The sanctuary movement of the 1980's has become a confrontation pitting personal religious values against government policy. In defiance of federal law, ordinary American citizens have been opening their homes, churches and synagogues to illegal refugees who claim to be fleeing terror and turmoil in Central America. The Americans who shelter refugees assert they are obliged to do so by religious conviction. Thus far federal authorities have responded by charging them with criminal activity. Besides telling the story of the present confrontation, this book explores many of the questions behind it. Is there a historical basis for "church sanctuary"? Does the notion of sanctuary have any status in American law? Can religious people offer convincing arguments from their traditions? And how well does the U.S. treatment of persons requesting political asylum accord with international agreements protecting refugees?
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Religion has both a priestly (support ive) and prophetic (critical) function vis-a-vis the civil law. The growing con cern for giving sanctuary to Latin American refugees is certainly an ex ample of the prophetic role of religion. Bau offers here a heavily documented historical and theological analysis of the recent sanctuary movement in the United States, and provides in the last chapter a concise application of the movement's history to the question of Central American refugees today. Style and substance are easily comprehensi ble to the nonspecialist. John Broder ick, Sociology Dept., Stonehill Coll., N. Easton, Mass.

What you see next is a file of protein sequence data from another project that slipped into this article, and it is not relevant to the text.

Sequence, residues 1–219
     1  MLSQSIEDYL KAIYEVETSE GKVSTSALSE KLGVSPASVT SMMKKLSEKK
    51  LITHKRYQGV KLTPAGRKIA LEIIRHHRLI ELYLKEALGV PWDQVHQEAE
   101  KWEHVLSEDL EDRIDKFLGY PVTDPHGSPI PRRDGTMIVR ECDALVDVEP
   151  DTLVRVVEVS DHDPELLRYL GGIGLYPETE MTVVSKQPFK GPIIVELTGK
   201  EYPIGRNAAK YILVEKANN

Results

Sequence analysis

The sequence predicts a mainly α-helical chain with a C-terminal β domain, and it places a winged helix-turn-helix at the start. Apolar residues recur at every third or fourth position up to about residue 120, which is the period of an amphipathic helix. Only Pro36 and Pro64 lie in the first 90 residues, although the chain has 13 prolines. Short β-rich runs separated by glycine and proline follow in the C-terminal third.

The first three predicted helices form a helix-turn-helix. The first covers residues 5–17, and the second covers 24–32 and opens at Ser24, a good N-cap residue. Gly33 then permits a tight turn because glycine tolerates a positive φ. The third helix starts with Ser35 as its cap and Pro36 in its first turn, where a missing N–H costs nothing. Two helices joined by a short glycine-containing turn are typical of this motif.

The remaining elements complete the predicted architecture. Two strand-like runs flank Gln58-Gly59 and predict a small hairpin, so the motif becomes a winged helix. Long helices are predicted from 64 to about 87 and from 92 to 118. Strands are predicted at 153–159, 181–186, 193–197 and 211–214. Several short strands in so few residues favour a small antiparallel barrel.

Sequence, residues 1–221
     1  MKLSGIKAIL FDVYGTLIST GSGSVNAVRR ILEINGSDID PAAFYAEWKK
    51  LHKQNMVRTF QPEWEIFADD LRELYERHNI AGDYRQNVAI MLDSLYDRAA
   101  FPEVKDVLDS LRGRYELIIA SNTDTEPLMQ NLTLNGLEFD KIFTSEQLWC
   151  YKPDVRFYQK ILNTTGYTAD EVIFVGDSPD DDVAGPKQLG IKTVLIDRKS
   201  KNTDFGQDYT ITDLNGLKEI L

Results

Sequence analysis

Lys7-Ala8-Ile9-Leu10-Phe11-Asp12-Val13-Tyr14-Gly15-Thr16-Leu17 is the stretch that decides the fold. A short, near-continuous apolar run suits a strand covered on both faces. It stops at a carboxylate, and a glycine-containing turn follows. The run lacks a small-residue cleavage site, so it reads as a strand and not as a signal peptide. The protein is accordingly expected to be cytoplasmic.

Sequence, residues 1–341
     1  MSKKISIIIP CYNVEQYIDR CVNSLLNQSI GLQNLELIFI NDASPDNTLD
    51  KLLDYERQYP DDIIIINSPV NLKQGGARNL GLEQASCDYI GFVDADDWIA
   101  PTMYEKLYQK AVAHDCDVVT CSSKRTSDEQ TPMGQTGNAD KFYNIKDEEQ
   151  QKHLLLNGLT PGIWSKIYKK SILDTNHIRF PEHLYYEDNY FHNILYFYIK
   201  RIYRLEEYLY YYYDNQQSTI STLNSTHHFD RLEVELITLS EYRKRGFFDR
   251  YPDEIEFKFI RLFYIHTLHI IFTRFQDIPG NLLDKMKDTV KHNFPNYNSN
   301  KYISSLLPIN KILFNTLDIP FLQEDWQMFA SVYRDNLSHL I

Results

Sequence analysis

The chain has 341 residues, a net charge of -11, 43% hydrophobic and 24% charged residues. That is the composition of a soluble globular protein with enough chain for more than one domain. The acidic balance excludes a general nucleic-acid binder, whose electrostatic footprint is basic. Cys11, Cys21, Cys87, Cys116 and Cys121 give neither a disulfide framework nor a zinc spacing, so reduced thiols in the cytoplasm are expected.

Copyright 1985 Reed Business Information, Inc.
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Book Description Paulist Press International,U., 1985. Paperback. Book Condition: New. Never used!. Bookseller Inventory # P110809127202